A generation ago Ford Motor spent huge advertising dollars reminding us: At Ford, Quality is Job 1. Today, Mercedes-Benz positions its automobile as Engineered Like No Other Car in the World while BMW touts its vehicle as The Ultimate Driving Machine. And I love the Apple campaign that paired a good-looking, way-cool guy named Mac with a nerdy schlub called P.C. Apple’s message was unmistakable: If you want a cooler, hipper product that delivers a better quality computing experience, buy a Mac. Currently, Allstate has wisely chosen not to join the chorus of insurance companies chanting the “save you money” mantra and is instead using its award-winning “mayhem” campaign to successfully brand itself as the quality choice among home and auto insurers.

Of course, all of the above are multi-billion dollar corporations with massive advertising budgets. They can effectively play the “Q-Card” through sheer force of repetition. But what if you own or work for a business with more limited resources?  How does your business play the “Q-Card” for winning marketing results? In this article I present you with ONE KEY IDEA and several tips and examples to help you do just that.

Let’s start by looking at an example of how not to play your “Q-Card.” It’s from a company called The Ding King. I found this copy on their web site:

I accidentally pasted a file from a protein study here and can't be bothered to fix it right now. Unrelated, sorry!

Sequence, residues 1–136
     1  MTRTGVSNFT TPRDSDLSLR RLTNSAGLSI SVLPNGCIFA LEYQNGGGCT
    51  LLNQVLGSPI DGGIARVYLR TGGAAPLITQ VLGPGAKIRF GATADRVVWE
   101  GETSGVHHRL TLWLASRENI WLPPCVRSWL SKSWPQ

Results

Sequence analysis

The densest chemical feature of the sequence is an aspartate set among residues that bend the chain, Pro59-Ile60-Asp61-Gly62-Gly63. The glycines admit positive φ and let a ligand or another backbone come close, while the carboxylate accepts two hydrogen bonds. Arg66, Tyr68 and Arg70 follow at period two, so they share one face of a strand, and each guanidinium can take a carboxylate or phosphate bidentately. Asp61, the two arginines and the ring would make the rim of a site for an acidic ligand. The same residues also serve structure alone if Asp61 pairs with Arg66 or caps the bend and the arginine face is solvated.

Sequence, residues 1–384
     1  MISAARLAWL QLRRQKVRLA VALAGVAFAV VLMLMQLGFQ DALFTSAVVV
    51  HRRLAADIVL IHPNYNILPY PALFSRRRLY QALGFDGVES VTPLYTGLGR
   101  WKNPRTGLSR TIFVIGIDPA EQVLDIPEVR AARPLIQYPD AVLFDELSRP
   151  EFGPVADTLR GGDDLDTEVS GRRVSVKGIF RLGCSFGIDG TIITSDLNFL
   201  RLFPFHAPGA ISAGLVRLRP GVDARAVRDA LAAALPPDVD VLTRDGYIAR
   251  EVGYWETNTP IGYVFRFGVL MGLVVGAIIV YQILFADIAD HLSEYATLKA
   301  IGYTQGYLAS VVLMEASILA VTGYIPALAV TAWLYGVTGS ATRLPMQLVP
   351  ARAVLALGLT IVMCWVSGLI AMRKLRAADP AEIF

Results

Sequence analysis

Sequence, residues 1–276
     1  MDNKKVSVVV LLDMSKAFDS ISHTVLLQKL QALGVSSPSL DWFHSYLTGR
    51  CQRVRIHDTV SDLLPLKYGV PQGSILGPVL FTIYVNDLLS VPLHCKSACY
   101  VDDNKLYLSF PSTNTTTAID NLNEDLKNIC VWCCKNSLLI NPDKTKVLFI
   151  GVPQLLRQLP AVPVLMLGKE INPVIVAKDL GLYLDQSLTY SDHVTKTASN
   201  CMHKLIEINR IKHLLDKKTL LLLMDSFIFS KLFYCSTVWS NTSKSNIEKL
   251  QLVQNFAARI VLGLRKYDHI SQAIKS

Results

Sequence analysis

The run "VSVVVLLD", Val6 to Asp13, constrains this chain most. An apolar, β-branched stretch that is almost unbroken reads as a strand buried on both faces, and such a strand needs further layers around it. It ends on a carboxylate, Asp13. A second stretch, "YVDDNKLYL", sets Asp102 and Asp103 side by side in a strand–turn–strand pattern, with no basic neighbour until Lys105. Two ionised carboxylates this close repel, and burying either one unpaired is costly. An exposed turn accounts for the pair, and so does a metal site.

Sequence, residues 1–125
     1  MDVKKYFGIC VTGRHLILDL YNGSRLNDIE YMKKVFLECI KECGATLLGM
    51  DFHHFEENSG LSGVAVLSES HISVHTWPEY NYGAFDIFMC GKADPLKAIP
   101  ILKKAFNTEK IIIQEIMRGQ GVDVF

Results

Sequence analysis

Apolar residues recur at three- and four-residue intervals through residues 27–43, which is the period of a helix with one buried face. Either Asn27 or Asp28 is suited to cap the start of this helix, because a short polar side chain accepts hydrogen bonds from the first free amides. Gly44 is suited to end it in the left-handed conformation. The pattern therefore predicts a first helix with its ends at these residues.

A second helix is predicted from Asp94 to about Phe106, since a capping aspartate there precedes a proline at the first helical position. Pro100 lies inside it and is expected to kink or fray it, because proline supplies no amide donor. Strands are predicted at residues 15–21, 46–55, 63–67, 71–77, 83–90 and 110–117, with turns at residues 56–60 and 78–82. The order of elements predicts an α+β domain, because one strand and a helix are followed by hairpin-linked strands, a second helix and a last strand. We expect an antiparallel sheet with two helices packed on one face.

Our Commitment to Quality

  • Quality Training
  • Quality Tools
  • Quality Lighting Systems that enable you to see the “entire dent”
  • Quality Staff to Support You
  • Quality Training Facilities
  • Quality Instructors to Educate You
  • Quality PERIOD!!!

That is exactly what The Ding King Training Institute will provide you with – Quality!

OK, pop quiz time. What did you learn about The Ding King’s commitment to quality? If you answered “nothing” give yourself an “A+” and a gold star. Because you astutely observed that although The Ding King uses the word quality 9 times, only once (see the “entire dent”) does it even hint at what it means by quality. It’s as if the company believes that repetition alone is enough to get its point across.

But “quality,” in and of itself, means little. For example, looking in my Oxford American Dictionary I see that the first definition listed for quality reads, “a degree or level of excellence.” What degree? What level? It’s up to the copywriter to provide those details.  

Which brings us to today’s KEY IDEA:

In order to play a winning “Q-Card” you must include relevant and specific details about your product or service to support your express or implied claim of quality. (Hey, I didn’t say it would be a new idea.)

I’ve reworked two of The Ding King’s bullet points with today’s key idea in mind:  

  • Quality ToolsAll Ding King tools are manufactured in the U.S. by ISO-9001 certified manufacturers and backed by a five-year money-back performance guarantee.